Evidence overlooked

Speaking to Peoples Dispatch, NUMSA’s national spokesperson Phakamile Hlubi Majola talked about the evidence of the fact that the company has contemplated retrenchment. In fact, Section 189 (retrenchment) notices were already served last November to over 900 workers. It was only to negotiate an end to the week-long strike action which had paralyzed SAA that the management agreed in a collective agreement in November to defer these notices.

“But it was deferred only until January 31,” Majola said. There were two meetings after this date where the BRPs indicated their retrenchment plans. “On February 4, they told us that they needed to radically speed up retrenchments and that these retrenchments just happen outside of the Section 189 process. And on February 6, they then confirmed that they are cancelling 11 routes. The cancellation of these routes will be effective on February 29.”

These indications, along “with the fact that the company did not explicitly withdraw the Section 189 notices,” demonstrates that the intention of retrenchment was behind the decision to close routes, she argued.

She further added, “We have a correspondence from one of the board members Martin Kemp who confirms at the end of January that there is a section 189 process underway, and that the BRPs are the ones implementing that process.”

Apart from these, the unions sought to introduce an audio recording, allegedly of one of the members of the SAA management breaking the “bad news” at a meeting with the workers in Durban on February 7. From a copy of the recording accessed by Peoples Dispatch, she can be heard saying that she was not yet updated on the “details of the retrenchment package”, but confirmed that the workers of the branch would be retrenched.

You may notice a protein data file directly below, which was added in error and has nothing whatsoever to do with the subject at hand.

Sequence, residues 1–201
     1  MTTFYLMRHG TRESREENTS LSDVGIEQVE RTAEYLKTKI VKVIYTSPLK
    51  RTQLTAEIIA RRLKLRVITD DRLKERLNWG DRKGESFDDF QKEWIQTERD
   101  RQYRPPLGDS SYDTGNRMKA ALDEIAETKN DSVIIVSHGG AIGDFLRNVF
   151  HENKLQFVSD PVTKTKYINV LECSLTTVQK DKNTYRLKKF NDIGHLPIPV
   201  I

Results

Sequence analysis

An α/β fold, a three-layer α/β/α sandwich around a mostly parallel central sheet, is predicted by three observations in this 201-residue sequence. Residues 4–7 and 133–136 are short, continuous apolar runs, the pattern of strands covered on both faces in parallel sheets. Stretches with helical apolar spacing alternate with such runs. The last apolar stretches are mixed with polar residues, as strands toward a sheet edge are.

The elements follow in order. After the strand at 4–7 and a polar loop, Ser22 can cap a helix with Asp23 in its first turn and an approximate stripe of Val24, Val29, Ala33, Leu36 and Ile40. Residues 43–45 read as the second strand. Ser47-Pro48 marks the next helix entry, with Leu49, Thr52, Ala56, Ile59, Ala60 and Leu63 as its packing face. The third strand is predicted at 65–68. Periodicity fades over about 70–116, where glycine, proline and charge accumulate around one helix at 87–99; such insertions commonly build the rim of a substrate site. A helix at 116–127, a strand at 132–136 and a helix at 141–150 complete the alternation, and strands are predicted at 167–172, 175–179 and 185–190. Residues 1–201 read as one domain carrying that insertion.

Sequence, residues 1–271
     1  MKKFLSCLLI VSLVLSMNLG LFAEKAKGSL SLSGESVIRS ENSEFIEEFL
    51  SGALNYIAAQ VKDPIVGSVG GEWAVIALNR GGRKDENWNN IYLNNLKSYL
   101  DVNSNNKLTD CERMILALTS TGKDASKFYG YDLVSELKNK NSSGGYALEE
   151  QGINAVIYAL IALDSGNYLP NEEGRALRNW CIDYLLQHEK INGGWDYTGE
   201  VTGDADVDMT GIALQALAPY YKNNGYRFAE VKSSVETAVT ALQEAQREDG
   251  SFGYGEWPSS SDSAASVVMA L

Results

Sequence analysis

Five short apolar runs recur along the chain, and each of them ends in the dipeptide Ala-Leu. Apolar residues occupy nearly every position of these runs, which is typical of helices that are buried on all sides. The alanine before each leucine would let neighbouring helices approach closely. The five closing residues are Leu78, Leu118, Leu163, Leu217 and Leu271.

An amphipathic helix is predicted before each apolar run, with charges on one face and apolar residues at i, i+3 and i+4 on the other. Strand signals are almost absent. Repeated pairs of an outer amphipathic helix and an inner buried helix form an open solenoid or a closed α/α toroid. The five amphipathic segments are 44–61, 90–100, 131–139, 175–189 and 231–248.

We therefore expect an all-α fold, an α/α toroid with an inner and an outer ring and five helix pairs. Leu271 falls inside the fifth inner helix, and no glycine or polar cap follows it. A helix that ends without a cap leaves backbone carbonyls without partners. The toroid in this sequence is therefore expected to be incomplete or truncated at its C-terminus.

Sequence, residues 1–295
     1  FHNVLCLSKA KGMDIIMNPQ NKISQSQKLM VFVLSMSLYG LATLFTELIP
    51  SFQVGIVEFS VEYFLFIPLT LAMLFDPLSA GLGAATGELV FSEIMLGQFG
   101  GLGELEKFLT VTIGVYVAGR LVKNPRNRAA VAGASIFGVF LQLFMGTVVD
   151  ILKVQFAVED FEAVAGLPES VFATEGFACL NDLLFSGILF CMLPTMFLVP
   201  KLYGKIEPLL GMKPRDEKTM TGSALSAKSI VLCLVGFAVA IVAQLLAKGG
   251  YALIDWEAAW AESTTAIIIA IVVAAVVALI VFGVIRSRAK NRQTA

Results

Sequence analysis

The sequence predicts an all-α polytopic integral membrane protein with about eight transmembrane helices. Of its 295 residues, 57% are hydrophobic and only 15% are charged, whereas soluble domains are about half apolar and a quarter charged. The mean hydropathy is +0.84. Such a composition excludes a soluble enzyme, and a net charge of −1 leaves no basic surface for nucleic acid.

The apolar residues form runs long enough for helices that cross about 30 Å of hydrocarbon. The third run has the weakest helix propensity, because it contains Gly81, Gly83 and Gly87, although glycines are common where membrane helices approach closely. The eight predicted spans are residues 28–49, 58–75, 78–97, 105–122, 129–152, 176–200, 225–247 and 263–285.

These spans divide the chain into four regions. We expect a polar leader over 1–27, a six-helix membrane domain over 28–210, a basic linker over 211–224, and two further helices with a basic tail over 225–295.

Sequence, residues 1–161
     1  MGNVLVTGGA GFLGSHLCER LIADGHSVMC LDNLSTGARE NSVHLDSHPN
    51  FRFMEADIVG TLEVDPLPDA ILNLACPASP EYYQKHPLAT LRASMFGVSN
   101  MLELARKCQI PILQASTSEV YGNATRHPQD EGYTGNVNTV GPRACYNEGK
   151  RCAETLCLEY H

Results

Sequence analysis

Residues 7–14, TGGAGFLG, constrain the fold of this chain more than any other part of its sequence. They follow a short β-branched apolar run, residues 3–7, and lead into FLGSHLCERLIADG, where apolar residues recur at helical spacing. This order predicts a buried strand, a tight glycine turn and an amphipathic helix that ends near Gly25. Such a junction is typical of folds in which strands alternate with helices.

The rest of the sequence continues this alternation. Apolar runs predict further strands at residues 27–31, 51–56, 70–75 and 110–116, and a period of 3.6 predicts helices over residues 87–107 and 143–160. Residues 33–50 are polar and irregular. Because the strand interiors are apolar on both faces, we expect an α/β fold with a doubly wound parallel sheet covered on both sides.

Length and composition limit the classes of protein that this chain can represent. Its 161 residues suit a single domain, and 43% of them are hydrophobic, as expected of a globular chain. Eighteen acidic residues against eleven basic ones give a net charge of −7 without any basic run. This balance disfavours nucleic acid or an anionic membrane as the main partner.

However, the judge refused to admit this piece of evidence in court. The Application for Leave to Appeal filed on February 14 by the unions in the court (a procedure that has to be followed in order to challenge the ruling in a higher Labor Appeals Court), states that “Court.. erred in dismissing the Applicants’ application to introduce new evidence, which.. conclusively proved the untruthfulness of the” management and the BRP.

Therefore, refusal to admit this evidence “did not serve the interests of justice and deprived the Court of the opportunity to ensure that the truth prevailed in this matter.”

The application also pointed out to a number of other faulty premises on which the ruling was based. For instance, the ruling placing certain conditions which must be met for the court to objectively determine whether an employer has actually contemplated dismissals. According to the judgement’s paragraph 11, this would require the employer to “formulate a view that it must dismiss employees”.

Calling this “incorrect and at odds with the jurisprudence”, the unions’ application states that the word “must” necessarily “implies a final decision and not a mere contemplation”. However, the labor law mandates consultation before any final decision can be made.

With a cache of evidence and jurisprudence to justify its applicability, “we are convinced a higher court will come to a different finding,” Majola said.